For the first time in its four-year history, the Downtown Development Trust is set to buy a property for which it has no immediate buyer or use. And so, regardless of what it ultimately does with the former Greyhound bus station at Washington Boulevard and Lafayette Street, this is the ideal time to ask an obvious but crucial question:
With the private sector increasingly willing to invest in downtown Fort Wayne, to what degree – if any – should the not-for-profit, quasi-public Trust compete for prime real estate?
Until now, the Trust – a joint venture of the Downtown Improvement District and the Economic Development Alliance funded to date primarily through a $1 million line of credit from the Community Foundation of Greater Fort Wayne – has acted with a specific purpose in mind. In 2012, it paid $250,000 for the former Instant Copy building at 232 W. Wayne St. knowing businessman Scott Glaze was interested in opening a grocery there. This year, the Trust played a vital role in acquiring the 10 properties needed for the recently announced $71 million office, housing and commercial project in that same block.
The Trust has signed an agreement to buy the depot, vacant since January, for about $450,000, with closure awaiting Greyhound's removal of underground fuel-storage tanks. The Trust would then raze the building and hold the land pending arrival of the “right” development opportunity.
It's hard to argue with the Trust's actions in this case. Karl Bandemer, the Economic Development Alliance's senior development officer and Trust member, correctly pointed out that the unsightly former gas station sits at one of downtown's busiest intersections – a high-profile spot he and others believe should be reserved for a high-end project of broad community value. “(Downtown) wouldn't be served by another tattoo parlor (there),” said Bandemer, who will take office as deputy mayor next week.
I don't disagree. But I'm not looking for a good location for my tattoo parlor, either.
The Trust is designed in part to assume the land-acquisition role government once played in redevelopment projects. Courts have made the use of eminent domain more difficult, and although Indiana law allows officials to discuss the purchase of real estate behind closed doors, action must be taken in public – scrutiny that can make it more difficult or expensive to acquire land, Redevelopment Director Greg Leatherman said. What's more, the price government must pay for a property determined by two appraisals – each of which could cost more than $3,000.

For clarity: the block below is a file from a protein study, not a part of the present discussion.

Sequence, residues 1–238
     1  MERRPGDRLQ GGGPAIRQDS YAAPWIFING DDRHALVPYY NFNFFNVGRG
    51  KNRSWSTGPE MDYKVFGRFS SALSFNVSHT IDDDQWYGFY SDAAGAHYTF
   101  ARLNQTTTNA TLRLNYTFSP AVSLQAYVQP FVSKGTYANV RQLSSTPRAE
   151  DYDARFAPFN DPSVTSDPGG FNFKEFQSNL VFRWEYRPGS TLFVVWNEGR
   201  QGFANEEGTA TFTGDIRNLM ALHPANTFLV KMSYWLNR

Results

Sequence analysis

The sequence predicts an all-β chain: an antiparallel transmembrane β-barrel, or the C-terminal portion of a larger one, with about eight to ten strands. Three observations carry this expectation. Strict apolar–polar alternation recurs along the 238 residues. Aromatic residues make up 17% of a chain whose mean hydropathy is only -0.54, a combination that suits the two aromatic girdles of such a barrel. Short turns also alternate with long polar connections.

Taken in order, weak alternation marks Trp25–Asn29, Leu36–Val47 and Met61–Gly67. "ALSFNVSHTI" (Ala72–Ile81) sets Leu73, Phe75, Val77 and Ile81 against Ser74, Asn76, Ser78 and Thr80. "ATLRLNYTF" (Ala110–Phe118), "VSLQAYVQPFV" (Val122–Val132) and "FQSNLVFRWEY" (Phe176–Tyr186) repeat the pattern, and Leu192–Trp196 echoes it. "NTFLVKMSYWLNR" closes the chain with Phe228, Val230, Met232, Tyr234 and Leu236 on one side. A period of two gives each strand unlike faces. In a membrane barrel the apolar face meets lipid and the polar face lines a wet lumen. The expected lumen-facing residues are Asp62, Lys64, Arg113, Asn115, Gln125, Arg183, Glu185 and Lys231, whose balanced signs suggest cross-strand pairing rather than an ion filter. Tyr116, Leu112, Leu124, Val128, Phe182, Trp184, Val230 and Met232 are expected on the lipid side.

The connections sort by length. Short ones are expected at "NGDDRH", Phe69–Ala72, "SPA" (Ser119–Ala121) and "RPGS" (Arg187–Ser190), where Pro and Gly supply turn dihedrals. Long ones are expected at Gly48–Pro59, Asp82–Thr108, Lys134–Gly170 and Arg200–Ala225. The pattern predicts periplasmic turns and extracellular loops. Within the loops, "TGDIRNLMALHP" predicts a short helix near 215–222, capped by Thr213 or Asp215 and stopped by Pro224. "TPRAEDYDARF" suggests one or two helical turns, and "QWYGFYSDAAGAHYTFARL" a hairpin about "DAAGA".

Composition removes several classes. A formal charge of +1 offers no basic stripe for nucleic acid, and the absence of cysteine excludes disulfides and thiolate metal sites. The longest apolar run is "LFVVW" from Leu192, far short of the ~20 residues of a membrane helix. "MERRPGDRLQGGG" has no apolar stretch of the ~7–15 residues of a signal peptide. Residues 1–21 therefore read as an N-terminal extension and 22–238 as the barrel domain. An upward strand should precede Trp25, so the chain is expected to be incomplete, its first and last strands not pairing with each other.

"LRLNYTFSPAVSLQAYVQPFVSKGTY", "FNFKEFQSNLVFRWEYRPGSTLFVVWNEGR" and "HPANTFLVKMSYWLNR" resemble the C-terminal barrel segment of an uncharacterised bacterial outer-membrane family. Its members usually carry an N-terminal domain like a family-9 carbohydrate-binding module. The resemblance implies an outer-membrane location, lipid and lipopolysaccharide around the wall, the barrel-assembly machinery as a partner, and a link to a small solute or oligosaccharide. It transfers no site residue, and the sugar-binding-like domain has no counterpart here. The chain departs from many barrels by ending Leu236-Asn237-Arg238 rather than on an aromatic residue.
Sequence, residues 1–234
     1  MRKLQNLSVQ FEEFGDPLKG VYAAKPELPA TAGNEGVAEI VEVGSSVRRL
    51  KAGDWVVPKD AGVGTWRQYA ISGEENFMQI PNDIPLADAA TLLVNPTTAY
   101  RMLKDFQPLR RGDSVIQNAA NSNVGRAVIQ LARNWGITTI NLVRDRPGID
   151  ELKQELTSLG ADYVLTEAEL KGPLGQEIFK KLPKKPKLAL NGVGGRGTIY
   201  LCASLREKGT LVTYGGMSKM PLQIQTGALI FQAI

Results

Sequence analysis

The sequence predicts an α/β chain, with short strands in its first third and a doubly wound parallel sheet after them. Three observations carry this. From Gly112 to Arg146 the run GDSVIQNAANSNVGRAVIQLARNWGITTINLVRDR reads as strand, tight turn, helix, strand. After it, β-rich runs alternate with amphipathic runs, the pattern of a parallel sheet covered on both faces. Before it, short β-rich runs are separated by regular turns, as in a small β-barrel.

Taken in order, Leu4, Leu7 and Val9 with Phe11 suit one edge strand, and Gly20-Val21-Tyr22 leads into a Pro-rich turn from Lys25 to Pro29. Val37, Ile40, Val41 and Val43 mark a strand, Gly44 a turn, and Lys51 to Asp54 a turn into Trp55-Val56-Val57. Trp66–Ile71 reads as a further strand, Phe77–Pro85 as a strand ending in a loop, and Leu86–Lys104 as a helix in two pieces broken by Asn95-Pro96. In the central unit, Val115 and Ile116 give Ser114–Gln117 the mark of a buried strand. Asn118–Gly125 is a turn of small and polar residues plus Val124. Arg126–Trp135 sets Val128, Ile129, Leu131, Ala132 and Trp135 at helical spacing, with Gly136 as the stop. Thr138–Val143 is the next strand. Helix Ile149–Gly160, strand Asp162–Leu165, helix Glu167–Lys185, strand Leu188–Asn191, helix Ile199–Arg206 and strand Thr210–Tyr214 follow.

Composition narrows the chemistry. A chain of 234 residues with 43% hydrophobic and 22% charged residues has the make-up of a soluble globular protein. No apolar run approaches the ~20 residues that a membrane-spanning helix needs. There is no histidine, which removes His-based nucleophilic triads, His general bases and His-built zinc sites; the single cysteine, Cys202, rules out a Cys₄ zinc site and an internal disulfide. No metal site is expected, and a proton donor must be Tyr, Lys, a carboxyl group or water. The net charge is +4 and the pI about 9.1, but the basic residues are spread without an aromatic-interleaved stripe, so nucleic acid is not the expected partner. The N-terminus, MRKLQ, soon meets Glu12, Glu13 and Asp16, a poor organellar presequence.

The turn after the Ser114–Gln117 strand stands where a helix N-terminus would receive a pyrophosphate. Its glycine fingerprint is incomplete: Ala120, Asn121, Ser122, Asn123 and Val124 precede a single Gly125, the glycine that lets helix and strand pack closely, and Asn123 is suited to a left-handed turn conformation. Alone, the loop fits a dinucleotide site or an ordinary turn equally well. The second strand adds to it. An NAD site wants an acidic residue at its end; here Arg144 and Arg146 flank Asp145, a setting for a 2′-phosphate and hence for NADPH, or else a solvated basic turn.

The Trust faces no such constrictions. Bandemer has been able to negotiate deals quietly, and as a not-for-profit agency some owners have been willing to sell at below-market prices in exchange for a tax deduction. The Greyhound station's appraised value, Bandemer said, is about $100,000 higher than the amount the Alliance has agreed to pay.
But even then, word can leak out. When the city's Redevelopment Commission earlier this month paid $4.29 million for the land needed for the $71 million project, some of the prices were below appraisal, but others were higher – including one that sold for more than $563,000 above appraisal, apparently because the owner got wind of the project and held out for more.
It is precisely because the Trust can operate in relative secrecy that its actions, guidelines and motives must be as transparent and consistent as possible. When the Redevelopment Commission bought Glaze's building earlier this month for the $71 million project, for example, it paid $285,000 – $35,000 more than Glaze had paid. That was done to reimburse Glaze for expenses related to the building, Bandemer and Leatherman explained.
I'm not suggesting anything inappropriate was done, but some might question why taxpayers should pay a premium for a building Glaze ultimately chose not to develop, and will now be demolished.
Control of property is key for any development, and the Greyhound station is across the street from a large warehouse that is for sale. Bandemer said the Trust's ownership of the depot could boost efforts to develop the larger building, and if the right buyer is found, Bandemer said, the Trust may be willing to sell the station for what it paid, or even less. In the end, Leatherman said, that's how the Trust should be judged: Does its involvement create jobs, attract investment or increase the tax base?
A more meaningful yardstick might be: Did the Trust's involvement produce a better result than would have been achieved by the private sector alone? But how is “better” defined, and by whom?
The organization has already accomplished much, and has great potential. But to keep the "trust" of the community it represents as it expands its scope, the community should be invited to help answer that question.